Year in Review: 2012

11Dec12

My second book of poems, The Least Important Man was published in the spring, and the good folks at Biblioasis have been amazing. The launch at the Dora Keogh was a great turnout, and they helped organize getting me out of town for a few readings, most memorably Words Worth Books in Waterloo, with Al Moritz who very graciously offered me a lift home. Our conversation about poetry and life was so interesting we missed an exit somewhere and didn’t immediately notice we were sailing past empty fields in the wrong direction.walking

I did a handful of readings in Toronto to support the book, and stumbled into remarkably warm nights at Livewords and Pivot, and finally made it to one of the informal poetry weekends organized by Ross Leckie at the University of New Brunswick, and despite rain, rain and rain it was an excellent group of appreciative, down-to-earth and talented folks. A final note on my book: it has seen two reviews, so I do have my fingers crossed for another review, and particularly one that will have the space to discuss some of the themes and ideas.

Favourite novels of the year: I admired The Grapes of Wrath for its honest, emotional intelligence (and wrote something about it for the National Post), and The Sea, The Sea by Iris Murdoch and The Sportswriter (Richard Ford) had utterly convincing narrators who couldn’t help but leave an impression. I waited too long to read Of Human Bondage (Somerset Maugham) which was remarkable, and flawless. I also really enjoyed Magnified World by Grace O’Connell for being an engaging read and unabashedly about Toronto, which is the sort of thing we need to see if Toronto will ever be perceived the way we think of a city like London. I dedicated the summer to reading novelists I’d never picked up (which I’d recommend, as a fairly satisfying thing to do) though I still have a long list of authors I’d like to read. Oh, and The Assistant (Bernard Malamud) was a careful, quiet and beautifully written book I discovered on a useful list of great novels compiled by Time magazine.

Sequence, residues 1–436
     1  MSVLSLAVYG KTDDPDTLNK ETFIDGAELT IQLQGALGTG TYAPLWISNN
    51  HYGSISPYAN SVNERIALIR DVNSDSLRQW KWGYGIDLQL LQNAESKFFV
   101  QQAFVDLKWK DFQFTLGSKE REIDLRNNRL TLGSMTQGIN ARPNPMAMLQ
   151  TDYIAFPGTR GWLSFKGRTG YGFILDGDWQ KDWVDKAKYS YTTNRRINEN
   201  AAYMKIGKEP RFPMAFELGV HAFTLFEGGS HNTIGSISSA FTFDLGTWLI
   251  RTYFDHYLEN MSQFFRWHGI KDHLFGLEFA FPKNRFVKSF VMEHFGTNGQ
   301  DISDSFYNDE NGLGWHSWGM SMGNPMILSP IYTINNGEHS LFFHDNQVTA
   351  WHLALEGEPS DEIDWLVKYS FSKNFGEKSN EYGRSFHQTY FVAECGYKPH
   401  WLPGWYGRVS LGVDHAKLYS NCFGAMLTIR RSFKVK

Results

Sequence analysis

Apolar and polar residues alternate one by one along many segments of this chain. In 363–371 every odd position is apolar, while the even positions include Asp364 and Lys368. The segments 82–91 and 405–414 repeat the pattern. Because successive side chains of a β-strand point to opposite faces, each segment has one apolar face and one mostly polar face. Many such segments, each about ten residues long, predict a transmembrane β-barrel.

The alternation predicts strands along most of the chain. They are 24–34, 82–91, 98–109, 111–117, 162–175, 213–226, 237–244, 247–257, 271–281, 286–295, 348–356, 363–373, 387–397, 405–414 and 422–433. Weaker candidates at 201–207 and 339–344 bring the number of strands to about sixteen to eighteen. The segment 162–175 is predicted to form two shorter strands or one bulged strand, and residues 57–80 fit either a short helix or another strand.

Favourite genre books: The Big Sleep (Chandler) and Red Harvest (Hammett) are both absurdly enjoyable. Later in the year I moved on to Neuromancer (Gibson) who borrows the same basic idea of the hard-boiled detective, but like someone putting utterly different baubles on a Christmas tree, writes the narration as though it comes from a techno-junkie poet from the future. I didn’t enjoy the Gibson novel as much, mainly because I think the description sometimes gets away from him and leaves the reader nowhere in particular. It’s an exercise in style, unless the reader steps back to consider the overall setting and the idea that eventually our creations might come to seem more real to us than anything else. Personally, the day people prefer a hologram to a tree is the day I need to check out of this world. When Twitter suggests we make our profiles beautiful I want to say no, Twitter, beautiful is when you turn off your computer and step outside. The Forever War is highly recommended, for being an engaging read loaded with interesting ideas.

Non-fiction: Intolerable, by my friend and colleague Kamal Al-Solaylee is an important and well-written memoir. Pulphead (essays by John Jeremiah Sullivan) is an enjoyable, articulate voice to spend some time around, and The Boy in the Moon (Ian Brown) has something essential and very human to communicate. And while A Journal of the Plague Year is technically fiction (Defoe was five when the plague hit) it certainly reads like a memoir and it’s morbidly fascinating, disturbing and heartbreaking. The simple idea that people came home to kiss their children and pass along the plague is something that will likely haunt me forever.

Poetry books: I bought many and have completely finished few. I’m not entirely sure what’s happening with me at the moment, but lately my interest has been elsewhere in terms of my reading. My daughter brings a smile to my face every day, but I’m perhaps too tired to frequently sit down and try and make associative leaps in my reading. My One Question Interview with Chris Banks about Winter Cranes certainly suggests how much I appreciated his book, and I read First Comes Love by Pino Coluccio cover to cover, finding poems that reminded me of Larkin. Finishing Groundwork (Amanda Jernigan) and Spinning Side Kick (Anita Lahey) I thought they were underrated poets, much like Coluccio. Other than that, I dipped into poetry books here, and there. A concentrated effort to read more poetry in 2013 might change things. I suspect it will be quite a while before I have enough poems for another book, and I’m attempting to write a novel these days.

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